COVID-19 Pandemic: Consideration of Government Response in Committee of the Whole

By: The Hon. Jim Munson

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Senator Munson: I have two questions for the two ministers. Thank you for what you’re doing. We know you’re trying your best. But a CBC story just this morning said:

Canadians desperate to return home from abroad in the face of the COVID-19 pandemic are easily circumventing air travel screening . . . .

And they talk about facts in this story.

Minister, China almost flattened the curve. And then people who returned home easily probably circumvented whatever they’re trying to do, with people coming back to their country. How can you stop this? What other measures do you have to make sure that the person who gets on that plane is not carrying the disease back to this country?


Mr. Blair: I’ll begin and turn to my colleague to speak from the health perspective. We have put a number of measures for international travellers in place. The first line of defence is the air carrier itself. We have issued directions to air carriers who are flying into Canada that they have a duty of care and responsibility to check for symptomatic passengers boarding their planes. Once a symptomatic passenger is on the plane, they can put other people at risk.

It’s not merely an issue of asking the questions because we do know overwhelmingly the majority of Canadians are very responsible and conscientious and will tell the truth but some will not. We’ve asked the airlines and their flight crews to make observations and to identify people who appear to be symptomatic. This is identified to our officials before the plane lands. Those individuals are met right at the gate and separated from the rest of the arriving passengers and directed towards appropriate health interventions. We also require that everyone acknowledge a question. They are asked if they are symptomatic. They have to provide an answer. They are also asked and told to enter into a 14-day period of self-isolation. They have to acknowledge that.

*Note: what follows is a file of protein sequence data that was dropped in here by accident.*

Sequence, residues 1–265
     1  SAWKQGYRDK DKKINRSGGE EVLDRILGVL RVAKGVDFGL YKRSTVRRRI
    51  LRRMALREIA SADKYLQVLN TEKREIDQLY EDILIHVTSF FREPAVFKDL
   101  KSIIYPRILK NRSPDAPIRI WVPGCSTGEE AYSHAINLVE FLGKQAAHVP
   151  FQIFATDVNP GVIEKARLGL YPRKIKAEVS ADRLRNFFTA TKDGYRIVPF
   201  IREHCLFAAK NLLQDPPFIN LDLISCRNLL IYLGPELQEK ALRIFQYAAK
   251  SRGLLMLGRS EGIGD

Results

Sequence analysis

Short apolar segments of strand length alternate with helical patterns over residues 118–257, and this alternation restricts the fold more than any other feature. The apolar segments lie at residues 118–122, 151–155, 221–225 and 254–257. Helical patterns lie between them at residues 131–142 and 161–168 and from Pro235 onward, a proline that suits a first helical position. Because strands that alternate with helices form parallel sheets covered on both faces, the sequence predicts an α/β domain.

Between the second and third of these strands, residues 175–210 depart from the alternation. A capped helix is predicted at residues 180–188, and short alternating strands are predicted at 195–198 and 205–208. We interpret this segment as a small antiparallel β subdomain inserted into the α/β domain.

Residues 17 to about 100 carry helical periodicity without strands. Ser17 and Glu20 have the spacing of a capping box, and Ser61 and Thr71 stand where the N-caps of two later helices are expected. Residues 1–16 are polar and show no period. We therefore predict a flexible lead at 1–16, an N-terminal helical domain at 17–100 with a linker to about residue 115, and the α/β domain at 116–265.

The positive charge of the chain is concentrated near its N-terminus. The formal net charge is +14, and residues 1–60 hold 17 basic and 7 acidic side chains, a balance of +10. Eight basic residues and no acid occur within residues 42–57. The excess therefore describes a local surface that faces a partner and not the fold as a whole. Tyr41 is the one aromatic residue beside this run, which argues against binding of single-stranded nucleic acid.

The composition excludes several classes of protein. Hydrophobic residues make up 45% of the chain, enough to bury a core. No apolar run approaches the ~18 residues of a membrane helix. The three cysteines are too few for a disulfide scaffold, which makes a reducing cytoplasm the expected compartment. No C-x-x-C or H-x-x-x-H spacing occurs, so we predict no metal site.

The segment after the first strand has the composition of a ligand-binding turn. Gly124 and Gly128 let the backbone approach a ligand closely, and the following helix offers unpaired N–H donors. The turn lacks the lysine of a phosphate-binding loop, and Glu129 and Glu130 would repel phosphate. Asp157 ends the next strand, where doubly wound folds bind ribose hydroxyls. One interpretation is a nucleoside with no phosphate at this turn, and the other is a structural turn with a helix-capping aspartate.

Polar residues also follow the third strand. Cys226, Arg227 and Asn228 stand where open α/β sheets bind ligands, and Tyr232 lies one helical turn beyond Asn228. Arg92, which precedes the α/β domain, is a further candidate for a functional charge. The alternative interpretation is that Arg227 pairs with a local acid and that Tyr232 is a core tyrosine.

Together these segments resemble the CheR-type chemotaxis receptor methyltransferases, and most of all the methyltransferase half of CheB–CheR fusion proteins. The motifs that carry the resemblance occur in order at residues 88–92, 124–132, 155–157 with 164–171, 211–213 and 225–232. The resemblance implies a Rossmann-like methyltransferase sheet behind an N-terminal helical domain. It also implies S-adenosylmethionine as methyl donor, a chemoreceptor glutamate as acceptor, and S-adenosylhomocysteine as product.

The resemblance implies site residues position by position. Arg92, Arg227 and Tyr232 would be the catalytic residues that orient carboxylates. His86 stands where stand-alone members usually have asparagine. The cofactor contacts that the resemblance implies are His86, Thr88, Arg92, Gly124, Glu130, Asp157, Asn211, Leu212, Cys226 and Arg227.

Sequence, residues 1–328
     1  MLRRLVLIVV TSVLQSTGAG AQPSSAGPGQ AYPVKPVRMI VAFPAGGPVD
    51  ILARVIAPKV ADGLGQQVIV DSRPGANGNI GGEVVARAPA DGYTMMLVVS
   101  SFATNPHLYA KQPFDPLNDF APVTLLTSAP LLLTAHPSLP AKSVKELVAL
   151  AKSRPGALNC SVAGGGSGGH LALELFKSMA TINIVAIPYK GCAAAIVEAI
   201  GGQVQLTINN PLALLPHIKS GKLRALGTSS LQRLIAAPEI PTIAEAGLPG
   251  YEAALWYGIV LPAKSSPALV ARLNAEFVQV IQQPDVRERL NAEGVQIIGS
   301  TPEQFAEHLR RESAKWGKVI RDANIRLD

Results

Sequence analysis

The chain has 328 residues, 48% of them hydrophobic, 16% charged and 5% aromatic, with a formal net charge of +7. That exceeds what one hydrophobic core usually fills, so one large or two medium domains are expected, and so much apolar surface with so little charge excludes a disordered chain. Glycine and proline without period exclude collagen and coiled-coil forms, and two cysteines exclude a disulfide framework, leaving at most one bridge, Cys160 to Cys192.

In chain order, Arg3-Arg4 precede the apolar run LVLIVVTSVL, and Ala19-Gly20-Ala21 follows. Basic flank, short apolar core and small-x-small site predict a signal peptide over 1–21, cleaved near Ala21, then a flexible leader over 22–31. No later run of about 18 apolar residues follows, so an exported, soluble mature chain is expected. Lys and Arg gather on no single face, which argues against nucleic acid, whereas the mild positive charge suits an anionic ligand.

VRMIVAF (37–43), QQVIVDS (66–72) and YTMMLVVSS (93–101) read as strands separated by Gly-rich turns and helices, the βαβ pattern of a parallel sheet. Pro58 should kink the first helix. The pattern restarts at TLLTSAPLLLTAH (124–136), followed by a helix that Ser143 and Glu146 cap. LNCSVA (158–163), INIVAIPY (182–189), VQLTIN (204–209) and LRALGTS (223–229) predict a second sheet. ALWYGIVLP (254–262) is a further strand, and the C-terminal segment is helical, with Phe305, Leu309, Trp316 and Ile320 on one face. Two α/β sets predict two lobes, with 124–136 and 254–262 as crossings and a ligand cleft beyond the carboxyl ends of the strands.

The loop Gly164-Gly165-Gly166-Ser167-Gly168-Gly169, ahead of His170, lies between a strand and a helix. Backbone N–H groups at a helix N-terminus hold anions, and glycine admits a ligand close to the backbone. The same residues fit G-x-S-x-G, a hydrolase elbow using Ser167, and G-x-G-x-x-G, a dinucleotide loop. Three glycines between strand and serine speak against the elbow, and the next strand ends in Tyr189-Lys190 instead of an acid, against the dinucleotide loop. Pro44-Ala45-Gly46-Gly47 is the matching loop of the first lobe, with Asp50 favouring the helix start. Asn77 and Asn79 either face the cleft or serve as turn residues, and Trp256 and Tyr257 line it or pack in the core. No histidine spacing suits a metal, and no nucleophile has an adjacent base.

We have officers roving through the areas of the passenger arrival areas to make observations around symptomology and to make references to refer people who are symptomatic into the appropriate health interventions. So we are not conducting health examinations at those sites, but we are screening them on arrival for being symptomatic. We are also giving them direction and instructions on the measures they must take in order to prevent the spread of the illness.

Senator Munson: To the Minister of Health, why aren’t we having health examinations? I have travelled in Africa many times, sometimes they will take your temperature as you walk up. This is before any pandemics. I think this is a very serious situation.

Ms. Hajdu: Thank you, senator. First of all, let me say this is a very sneaky virus. I mean, the challenge with the virus is that it can present as very mild without a temperature at all. The variety of symptomology depends on the individual and it is extremely difficult to detect illness. Sometimes people have such mild symptoms that they may not even know they have the illness. That has been the challenge with this virus from the very beginning. The best evidence we have is, in fact, drawn from the time of SARS, where some of you may remember there was a use of thermometers at the border. Not one case was detected using that technology.

How we use our resources in a time like this is critical. Of course we have Public Health Agency quarantine officers at all of the airports. We’ve tripled up on staff to support CBSA. When CBSA staff identify someone with symptoms, those people are isolated from other travellers, asked additional questions, funnelled to public health if necessary. That work is happening.

We are obviously concerned about people coming back to Canada who are not taking this seriously, the need to quarantine for 14 days, the need to stay in isolation for 14 days. That is why as of midnight tonight that will be mandatory for all returning travellers.

This is especially true for people coming from countries that have minimized the issue of this virus. We know many people are coming from winter homes, for example, that may have been hearing different kinds of news around the severity of this illness and are not taking this seriously. As of tonight it will be mandatory for anyone returning to the country to isolate for 14 days under the Quarantine Act. They are also not to isolate in the same home where there is a vulnerable individual and not to take public transportation to get to that place. The Public Health Agency of Canada will be supporting people who are in the circumstance of not having a place to stay and/or not having transportation that is private.

We need Canadians who are returning to this country to take this seriously. Even if they are asymptomatic when they get off the plane, it is extremely important that Canadians understand for the safety of their families and communities that they take the public health advice and now requirement to stay at home for 14 days. That means not visiting friends and family.

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